Chesney admits it can be risky digging into the past of an idol, but said he felt it was his duty to share Holloway's journey with the rest of the world.
"There's a certain amount of responsibility about telling the story the right way," Chesney said. "... I wanted other people that watched this film, if they didn't know anything about Condredge or Tennessee football, to be as inspired as I was."
In making the film about his idol, Chesney had the opportunity to do something that all sports fans dream about -- play catch with his favorite athlete on the field where he grew up watching him play. Chesney reverts to his former schoolboy self wearing the No. 7 jersey when recalling what it was like to film with Holloway on the field of Neyland Stadium.
"Never did I think I'd be down on the field with my childhood hero throwing me the ball, much less making a film about his life ... The whole thing was like a 'Field of Dreams' moment," Chesney said.
So is there any chance of a Chesney-Holloway duet in the future? Holloway simply shook his head and laughed, but Chesney has other plans.
"Condredge hasn't gotten up on stage yet," he said, then looked his idol square in the face with a smile, "You're gonna do it, one day, somewhere."
After his time at Tennessee, Holloway struggled to make it as a quarterback in the NFL, being drafted instead as a defensive back. He did, however, find success as a quarterback in the Canadian Football league, where he went on to play 13 seasons with the Ottawa Rough Riders, Toronto Argonauts and British Columbia Lions. He earned league MVP honors in 1982 and a holds a place in the CFL Hall of Fame.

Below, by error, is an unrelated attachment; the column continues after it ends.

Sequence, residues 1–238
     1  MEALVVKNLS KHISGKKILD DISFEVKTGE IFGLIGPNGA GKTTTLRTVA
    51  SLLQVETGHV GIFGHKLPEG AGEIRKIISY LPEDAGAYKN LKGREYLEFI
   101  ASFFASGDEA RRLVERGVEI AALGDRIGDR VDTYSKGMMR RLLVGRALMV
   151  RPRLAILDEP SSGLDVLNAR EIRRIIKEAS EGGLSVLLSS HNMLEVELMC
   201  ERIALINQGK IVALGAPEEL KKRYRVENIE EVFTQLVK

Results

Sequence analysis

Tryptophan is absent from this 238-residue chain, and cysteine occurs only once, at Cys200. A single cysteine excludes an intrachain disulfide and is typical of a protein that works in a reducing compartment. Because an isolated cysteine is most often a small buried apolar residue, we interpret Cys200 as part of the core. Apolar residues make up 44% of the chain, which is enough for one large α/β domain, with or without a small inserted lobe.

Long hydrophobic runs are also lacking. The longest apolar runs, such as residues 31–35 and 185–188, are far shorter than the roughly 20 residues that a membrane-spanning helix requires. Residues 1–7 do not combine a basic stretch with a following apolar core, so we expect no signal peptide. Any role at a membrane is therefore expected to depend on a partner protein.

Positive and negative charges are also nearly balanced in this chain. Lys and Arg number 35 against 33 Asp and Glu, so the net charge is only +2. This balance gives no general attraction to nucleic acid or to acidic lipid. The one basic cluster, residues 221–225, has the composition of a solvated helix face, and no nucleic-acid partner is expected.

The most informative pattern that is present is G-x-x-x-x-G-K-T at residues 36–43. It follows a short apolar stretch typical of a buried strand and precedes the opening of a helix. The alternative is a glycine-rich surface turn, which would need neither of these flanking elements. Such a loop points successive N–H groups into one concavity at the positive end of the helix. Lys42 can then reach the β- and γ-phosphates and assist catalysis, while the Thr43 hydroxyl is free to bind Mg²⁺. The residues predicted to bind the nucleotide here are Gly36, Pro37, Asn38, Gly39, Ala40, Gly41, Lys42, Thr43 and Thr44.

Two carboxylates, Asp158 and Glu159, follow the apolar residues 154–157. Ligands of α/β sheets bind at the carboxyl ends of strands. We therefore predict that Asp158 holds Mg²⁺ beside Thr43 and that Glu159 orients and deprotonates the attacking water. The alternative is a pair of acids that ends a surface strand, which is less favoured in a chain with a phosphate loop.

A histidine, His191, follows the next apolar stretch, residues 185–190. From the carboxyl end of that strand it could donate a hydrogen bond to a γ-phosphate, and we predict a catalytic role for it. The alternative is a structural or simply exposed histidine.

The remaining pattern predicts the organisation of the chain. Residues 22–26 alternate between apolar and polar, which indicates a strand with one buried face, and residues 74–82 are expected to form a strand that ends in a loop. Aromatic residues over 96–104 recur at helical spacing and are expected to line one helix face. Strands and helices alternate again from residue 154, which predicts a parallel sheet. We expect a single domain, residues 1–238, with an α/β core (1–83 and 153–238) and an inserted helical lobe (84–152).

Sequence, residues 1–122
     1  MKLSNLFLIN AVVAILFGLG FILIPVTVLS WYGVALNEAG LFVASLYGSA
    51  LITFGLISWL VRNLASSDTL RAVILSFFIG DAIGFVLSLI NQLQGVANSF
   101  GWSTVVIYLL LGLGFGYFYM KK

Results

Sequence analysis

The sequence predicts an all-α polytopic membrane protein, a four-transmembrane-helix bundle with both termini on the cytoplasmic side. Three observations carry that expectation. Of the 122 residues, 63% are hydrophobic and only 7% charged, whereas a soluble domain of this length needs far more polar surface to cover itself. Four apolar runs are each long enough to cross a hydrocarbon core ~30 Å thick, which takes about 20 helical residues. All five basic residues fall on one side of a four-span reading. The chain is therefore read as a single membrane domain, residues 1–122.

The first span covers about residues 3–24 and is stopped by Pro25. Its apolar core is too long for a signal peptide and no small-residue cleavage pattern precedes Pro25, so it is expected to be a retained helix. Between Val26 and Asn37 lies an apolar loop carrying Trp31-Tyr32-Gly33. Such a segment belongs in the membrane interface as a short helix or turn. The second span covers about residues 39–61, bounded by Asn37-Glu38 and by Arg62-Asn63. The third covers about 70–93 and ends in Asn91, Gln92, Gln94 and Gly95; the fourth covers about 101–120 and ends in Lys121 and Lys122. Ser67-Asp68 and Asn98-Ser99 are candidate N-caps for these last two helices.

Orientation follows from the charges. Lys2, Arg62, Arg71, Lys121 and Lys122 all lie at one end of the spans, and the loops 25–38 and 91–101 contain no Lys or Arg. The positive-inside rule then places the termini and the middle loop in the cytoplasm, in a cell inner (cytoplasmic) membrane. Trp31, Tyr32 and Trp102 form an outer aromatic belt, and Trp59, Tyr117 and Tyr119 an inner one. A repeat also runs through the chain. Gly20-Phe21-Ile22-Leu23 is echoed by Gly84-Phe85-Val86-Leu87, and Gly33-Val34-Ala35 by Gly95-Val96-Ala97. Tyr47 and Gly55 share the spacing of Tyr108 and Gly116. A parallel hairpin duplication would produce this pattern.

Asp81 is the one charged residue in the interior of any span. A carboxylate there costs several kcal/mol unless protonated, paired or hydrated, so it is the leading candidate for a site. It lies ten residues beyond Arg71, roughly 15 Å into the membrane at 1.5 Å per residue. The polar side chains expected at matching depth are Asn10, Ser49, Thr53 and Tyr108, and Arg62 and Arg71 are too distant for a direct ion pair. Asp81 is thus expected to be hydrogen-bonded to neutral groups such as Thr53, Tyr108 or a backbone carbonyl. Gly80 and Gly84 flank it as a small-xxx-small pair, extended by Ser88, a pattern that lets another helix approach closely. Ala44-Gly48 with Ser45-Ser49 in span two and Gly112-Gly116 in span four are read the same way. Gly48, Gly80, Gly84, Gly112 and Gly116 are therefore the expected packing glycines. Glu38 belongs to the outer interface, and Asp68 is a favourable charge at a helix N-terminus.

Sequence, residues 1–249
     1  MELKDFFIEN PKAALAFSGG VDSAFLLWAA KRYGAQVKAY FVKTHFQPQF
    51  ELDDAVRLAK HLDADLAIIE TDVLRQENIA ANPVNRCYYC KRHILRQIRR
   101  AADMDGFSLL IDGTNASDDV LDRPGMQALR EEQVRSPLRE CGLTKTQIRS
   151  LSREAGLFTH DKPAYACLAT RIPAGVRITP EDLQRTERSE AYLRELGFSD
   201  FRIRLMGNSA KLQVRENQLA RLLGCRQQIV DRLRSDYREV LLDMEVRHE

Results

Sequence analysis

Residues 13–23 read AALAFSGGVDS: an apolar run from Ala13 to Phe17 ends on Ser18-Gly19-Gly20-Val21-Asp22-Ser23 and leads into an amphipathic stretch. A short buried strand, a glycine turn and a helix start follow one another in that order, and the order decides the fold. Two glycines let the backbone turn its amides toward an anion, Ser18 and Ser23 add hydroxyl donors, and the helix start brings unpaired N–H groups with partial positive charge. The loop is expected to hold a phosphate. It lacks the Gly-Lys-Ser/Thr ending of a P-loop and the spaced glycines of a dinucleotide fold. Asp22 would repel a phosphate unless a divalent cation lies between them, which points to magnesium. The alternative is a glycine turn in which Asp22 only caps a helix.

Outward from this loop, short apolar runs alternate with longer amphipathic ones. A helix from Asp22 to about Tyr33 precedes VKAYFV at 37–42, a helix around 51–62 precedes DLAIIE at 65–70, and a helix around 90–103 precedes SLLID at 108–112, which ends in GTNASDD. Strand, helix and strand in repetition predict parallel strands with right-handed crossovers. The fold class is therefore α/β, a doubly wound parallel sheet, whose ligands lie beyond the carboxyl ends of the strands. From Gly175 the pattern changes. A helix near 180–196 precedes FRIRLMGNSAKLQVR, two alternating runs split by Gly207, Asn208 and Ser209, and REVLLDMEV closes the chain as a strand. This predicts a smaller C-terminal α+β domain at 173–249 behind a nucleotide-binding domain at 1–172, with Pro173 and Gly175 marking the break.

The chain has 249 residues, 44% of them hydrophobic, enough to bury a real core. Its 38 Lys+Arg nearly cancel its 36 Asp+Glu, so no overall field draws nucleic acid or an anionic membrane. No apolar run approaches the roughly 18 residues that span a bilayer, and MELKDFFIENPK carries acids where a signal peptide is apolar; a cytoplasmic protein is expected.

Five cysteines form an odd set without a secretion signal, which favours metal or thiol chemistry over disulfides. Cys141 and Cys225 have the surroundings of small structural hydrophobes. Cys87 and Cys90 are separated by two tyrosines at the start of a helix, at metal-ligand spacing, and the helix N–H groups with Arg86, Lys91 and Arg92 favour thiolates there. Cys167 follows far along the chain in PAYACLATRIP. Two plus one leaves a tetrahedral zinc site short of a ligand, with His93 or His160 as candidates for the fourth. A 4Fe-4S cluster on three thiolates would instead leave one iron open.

Despite all of his accomplishments, Holloway doesn't see himself as a role model. When asked about his legacy at Tennessee, tears came to his eyes.
"I came to Tennessee, got an opportunity to play quarterback, and took full advantage of it," Holloway said. "I'm most proud of that and what I'd love people to say is, 'Your parents raised a good kid.' That's it."
Now the assistant AD at Tennessee, Holloway makes a point to tell all incoming athletes the story of his former teammate, Lester McClain, rather than his own.
As Holloway notes in the film: "Any kid who comes here needs to know who Lester McClain is. He was the first black player to play at the University of Tennessee and we all owe him a great deal of respect and honor because he went through a lot of adversity for us. Because after him, it became easier."
One of the most redeeming qualities about Holloway is his modesty. He's not one to boast or take credit for the path he paved for the African-American quarterbacks who followed in his footsteps. Chesney, however, saw "The Color Orange" as a way to honor and pay tribute to his boyhood idol, and said he received more in return for making the film than he ever could've dreamed possible.
"As a musician and songwriter, you look for inspiration anywhere. You try to make music and touch people. I never knew that I was going to be this inspired and have my soul fed as much as I have making this film with Condredge," Chesney said. "I'm really glad that I got to be the guy to tell the story because (Holloway) was an incredible athlete, and an even greater person."
Blair Soden is a producer for ESPN's "Year of the Quarterback"